Purpose: To examine the risk of fall for people with diabetes compared with healthy control subjects. Correlation between tactile sensation and postural control was examined for subjects with diabetes. Methods: Subjects with type 2 diabetes were classified into two groups: (i) diabetes without neuropathy (n=23) and (ii) diabetic peripheral neuropathy (DPN) (n=9). Age-matched healthy control subjects (n=32) were recruited. Tactile sensation, equilibrium scores (ES), strategy scores and sensory analysis scores from the Sensory Organization Test (SOT) were compared among the groups. Results: Subjects with diabetes without neuropathy demonstrated impaired postural control upon the disruption of somatosensory inputs. Subjects with DPN lost balance upon being deprived of visual inputs. A decrease in tactile sensation was associated with a decrease in the ESs in all subjects with diabetes (r=-0.35 to-0.77; p<0.05), and they tend to use more hip strategy for postural control upon being deprived of visual inputs. Conclusions: Different postural control strategies are adopted by various subgroups of subjects with diabetes. Subjects with DPN demonstrated a significant shift from ankle to hip strategies for balance tests when vision was deprived.Implications for RehabilitationThe severity of diabetic peripheral neuropathy (DPN) is associated with the risk of fall.Different compensatory strategies in balance control have been adopted by different subgroups of people with diabetes.In order to minimize the risk of fall, specific balance training program should be offered to different subgroups of people with diabetes.The balance training should emphasize on optimizing the competence of their existing compensatory postural control strategies.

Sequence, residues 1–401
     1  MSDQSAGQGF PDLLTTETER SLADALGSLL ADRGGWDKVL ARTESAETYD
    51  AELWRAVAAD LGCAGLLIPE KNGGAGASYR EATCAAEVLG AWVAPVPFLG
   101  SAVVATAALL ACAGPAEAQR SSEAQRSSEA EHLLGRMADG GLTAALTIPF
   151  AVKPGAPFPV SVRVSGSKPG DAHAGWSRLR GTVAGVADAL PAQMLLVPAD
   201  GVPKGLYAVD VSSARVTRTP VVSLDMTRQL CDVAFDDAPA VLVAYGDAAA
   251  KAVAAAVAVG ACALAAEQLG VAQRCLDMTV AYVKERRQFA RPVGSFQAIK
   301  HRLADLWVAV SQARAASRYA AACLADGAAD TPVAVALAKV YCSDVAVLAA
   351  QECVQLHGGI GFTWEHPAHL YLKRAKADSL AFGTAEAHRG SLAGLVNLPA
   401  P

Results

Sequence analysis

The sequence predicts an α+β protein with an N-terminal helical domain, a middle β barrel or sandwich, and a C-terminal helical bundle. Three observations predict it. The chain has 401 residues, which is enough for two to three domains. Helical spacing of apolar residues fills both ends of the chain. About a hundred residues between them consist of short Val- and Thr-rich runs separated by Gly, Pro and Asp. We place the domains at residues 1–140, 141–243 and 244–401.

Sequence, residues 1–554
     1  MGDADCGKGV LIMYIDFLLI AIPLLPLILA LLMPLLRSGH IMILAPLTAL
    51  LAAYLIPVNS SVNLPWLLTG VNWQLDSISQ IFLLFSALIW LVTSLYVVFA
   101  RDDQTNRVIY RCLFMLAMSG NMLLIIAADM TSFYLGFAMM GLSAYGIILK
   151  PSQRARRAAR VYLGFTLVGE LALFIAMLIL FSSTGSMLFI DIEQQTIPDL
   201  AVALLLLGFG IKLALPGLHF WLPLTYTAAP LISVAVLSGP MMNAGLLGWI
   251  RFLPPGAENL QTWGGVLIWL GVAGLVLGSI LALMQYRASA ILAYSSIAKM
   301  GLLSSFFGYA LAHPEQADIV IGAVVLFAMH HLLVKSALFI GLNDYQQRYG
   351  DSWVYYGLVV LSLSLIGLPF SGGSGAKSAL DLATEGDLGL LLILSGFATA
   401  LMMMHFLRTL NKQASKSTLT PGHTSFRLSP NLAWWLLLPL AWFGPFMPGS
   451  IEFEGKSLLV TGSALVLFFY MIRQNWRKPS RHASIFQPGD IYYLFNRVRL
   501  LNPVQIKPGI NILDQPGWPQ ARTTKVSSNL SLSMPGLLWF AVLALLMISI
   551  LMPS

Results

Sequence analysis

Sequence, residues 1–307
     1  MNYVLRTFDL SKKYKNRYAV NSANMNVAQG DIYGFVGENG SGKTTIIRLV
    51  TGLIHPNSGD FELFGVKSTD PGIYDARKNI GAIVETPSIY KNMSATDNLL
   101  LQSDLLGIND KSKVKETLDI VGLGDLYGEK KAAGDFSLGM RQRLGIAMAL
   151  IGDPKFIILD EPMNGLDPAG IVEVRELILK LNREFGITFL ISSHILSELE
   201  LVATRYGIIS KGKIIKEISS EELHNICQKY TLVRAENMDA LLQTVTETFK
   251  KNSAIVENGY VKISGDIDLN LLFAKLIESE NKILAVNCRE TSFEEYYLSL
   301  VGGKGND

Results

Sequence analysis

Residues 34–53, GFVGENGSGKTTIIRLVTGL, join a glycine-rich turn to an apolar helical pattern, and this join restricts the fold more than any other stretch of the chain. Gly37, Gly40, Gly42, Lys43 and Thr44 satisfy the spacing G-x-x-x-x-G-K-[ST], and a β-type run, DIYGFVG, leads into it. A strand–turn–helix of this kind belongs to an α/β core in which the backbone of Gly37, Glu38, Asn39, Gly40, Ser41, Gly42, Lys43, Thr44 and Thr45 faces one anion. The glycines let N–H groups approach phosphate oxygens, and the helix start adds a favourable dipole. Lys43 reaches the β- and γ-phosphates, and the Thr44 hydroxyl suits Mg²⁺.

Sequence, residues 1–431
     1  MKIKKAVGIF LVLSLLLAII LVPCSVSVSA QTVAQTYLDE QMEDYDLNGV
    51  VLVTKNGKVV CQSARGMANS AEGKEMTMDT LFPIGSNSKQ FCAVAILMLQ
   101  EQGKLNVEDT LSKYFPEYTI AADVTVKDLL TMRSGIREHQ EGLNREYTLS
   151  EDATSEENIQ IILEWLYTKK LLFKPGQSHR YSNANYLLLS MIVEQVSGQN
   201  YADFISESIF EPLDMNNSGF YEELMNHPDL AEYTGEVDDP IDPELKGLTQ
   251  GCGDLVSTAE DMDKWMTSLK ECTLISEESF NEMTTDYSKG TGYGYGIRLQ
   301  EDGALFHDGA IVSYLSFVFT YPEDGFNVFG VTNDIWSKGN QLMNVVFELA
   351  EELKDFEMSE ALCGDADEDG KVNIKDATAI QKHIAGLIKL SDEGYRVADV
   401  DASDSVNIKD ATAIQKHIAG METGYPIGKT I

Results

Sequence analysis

- Peripheral neuropathy
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